Academic journal article The Journal of Humanities and Social Sciences

Who Is This Guy? the Mariner in Coleridge's the Rime of the Ancient Mariner

Academic journal article The Journal of Humanities and Social Sciences

Who Is This Guy? the Mariner in Coleridge's the Rime of the Ancient Mariner

Article excerpt

Introduction

As an archetypal figure, the Mariner is in the tradition of "hero myths" that we meet in popular literature, myths, and fables. He is anywhere and everywhere notwithstanding the differences in our cultures and beliefs. He is Adam, Jonah, Cain, Lazarus, Wandering Jew, Prometheus, Odysseus, and with so many other denominations that we come across in the tradition of an all-time struggle. Like them all, the Mariner goes through the unspeakable challenges of life and emerges triumphantly. As such his names could be many but he cannot be fixated into a single historical context. He eludes histories, cultures, religions, and geographies.

The Guy that is the Mariner

The Mariner appears to be a ghostly phantom engaged in an action of unbelievable dimensions. The gradual insinuation of his story grapples with those experiential realities that are human and intimately ours. This paper offers an analysis of his story to substantiate his identity. Like any other form of literature the Mariner's story revolves around life and has its universal appeal no matter how much stiltedly it is communicated. It speaks to and of universal human experiences and evokes similar emotional responses.1 Taken as a marathon struggle against all odds, the "Rime of the Ancient Mariner"2 speaks of a spiritual rebirth in the midst of all degenerating allurements be they social, religious, political, supernatural, or/and superstitious. Coleridge describes this process in The Statesman's Manual as symbolic which means "translucence of the Special in the Individual or of the General in the Especial or of the Universal in the General, above all, by the translucence of the Eternal through, and in the Temporal" (Halmi et al 360). The poem's progressive unfolding testifies to Coleridge's contentions.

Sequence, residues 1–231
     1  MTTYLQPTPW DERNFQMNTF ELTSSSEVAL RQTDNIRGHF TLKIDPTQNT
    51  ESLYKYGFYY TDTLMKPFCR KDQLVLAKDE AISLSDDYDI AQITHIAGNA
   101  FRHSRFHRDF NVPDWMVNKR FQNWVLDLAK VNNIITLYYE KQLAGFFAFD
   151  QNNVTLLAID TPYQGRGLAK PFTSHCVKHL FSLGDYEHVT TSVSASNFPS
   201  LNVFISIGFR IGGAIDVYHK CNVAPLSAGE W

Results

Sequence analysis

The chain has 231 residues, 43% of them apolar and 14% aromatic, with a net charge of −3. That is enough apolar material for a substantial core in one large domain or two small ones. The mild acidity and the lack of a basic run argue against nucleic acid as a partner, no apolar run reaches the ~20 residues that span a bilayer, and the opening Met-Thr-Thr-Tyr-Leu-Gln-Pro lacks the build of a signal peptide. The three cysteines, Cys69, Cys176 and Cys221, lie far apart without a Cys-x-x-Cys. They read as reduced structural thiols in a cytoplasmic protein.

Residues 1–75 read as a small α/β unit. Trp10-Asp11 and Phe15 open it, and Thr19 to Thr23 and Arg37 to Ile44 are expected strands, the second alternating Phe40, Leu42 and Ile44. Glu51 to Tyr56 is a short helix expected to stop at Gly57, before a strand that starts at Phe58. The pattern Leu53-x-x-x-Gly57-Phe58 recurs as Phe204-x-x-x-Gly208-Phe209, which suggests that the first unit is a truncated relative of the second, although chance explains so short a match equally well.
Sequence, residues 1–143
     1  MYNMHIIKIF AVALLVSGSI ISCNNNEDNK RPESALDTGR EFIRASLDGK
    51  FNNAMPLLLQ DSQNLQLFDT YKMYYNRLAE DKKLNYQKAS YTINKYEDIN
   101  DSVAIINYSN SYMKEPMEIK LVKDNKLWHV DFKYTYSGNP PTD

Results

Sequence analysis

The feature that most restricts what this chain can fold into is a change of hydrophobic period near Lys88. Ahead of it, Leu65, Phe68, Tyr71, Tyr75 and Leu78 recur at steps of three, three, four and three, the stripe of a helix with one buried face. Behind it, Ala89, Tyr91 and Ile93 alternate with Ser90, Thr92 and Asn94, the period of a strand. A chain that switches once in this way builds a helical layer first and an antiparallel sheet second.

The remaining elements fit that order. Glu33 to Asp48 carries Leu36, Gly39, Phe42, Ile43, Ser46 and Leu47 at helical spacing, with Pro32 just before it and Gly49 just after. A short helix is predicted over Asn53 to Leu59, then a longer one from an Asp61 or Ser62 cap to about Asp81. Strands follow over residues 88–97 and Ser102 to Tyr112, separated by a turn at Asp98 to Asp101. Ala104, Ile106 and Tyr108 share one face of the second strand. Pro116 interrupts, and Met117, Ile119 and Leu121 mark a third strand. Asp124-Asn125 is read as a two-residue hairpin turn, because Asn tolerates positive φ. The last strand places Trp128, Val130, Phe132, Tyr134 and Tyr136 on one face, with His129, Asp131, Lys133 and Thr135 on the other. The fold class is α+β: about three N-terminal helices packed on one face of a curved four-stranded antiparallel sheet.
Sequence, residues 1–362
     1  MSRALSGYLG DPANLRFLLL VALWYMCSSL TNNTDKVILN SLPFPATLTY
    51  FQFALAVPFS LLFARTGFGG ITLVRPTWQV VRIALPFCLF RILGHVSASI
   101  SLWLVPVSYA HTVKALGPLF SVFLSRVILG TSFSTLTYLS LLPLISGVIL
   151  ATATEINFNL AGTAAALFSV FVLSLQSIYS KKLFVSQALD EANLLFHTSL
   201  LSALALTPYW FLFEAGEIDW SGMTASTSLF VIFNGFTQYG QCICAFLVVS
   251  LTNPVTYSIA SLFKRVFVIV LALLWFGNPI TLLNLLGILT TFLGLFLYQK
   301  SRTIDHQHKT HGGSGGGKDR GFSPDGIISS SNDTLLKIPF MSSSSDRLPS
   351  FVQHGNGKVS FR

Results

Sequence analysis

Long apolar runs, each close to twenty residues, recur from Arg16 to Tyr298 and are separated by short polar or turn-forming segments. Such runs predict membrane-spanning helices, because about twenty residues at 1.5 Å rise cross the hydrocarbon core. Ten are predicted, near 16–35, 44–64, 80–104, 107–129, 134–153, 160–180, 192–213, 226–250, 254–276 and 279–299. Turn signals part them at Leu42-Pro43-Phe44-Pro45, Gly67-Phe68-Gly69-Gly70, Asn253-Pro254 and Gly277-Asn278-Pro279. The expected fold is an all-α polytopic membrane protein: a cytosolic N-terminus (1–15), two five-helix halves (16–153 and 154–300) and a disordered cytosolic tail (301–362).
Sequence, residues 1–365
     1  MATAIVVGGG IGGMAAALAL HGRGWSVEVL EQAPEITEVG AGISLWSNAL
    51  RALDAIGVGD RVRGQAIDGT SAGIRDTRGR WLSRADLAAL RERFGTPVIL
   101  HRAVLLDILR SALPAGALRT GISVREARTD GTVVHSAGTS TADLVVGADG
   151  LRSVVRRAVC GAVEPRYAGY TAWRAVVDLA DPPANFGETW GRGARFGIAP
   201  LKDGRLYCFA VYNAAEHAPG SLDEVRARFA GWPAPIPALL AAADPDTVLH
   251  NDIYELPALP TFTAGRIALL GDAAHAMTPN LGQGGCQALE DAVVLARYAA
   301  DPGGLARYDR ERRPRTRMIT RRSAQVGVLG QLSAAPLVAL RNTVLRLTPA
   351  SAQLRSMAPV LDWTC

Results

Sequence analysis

The Mariner in the Rime is a character with whom all readers relate. In fact Coleridge wants his readers to relate to the Mariner whom he does not christen perhaps due to that reason. He is part of a journey, travel, or voyage on which he does silly, strange, weird, and bizarre things. His actions, like those of any, have consequences. We relate to him on almost every level. All of us, at one point or another in our lives, have killed our albatrosses. We too, like the Mariner, pay the price all our lives though not necessarily in the same manner. In this he is part of all of us; he is around us; he is with us; he meets us every day. His physical voyage takes us on a tour of our dark side and confronts us with the one that we do not want to acknowledge. We partake in all that he does and faces and relive our dark moments exactly the way he does.

Apparently a very simple story in a very simple language (not considering its first version), the poem involves the reader on all levels of experience. On the face of it the Mariner kills an albatross and ends up suffering immensely for that. Metaphorically, the crime and its subsequent punishment are real human occurrences on daily basis. All that happens to the Mariner and his peers is certainly not physical; it happens on a deeper level. The questions facing us in this study are: what do the Mariner and his peers learn from these experiences? Is there any lesson or message for us in it? My contention is that the Rime is every person's story of coming to terms with oneself-this is the Mariner's voyage into the dark abysses of the human psyche where the dross and the best elements reside. This poem is a reflection of the good and the bad that humans are potentially capable of.

The Mariner's killing the bird and the subsequent sufferings along with his peers involve us in a moral dilemma: how very often due to one or another emotional attachment we wrong rights and right wrongs. The Mariner's colleagues oscillate like a pendulum between right and wrong. In a minute the sailors condemn the Mariner's act and say it was bad that the Mariner "killed the bird/That made the breeze to blow" (93-95). …

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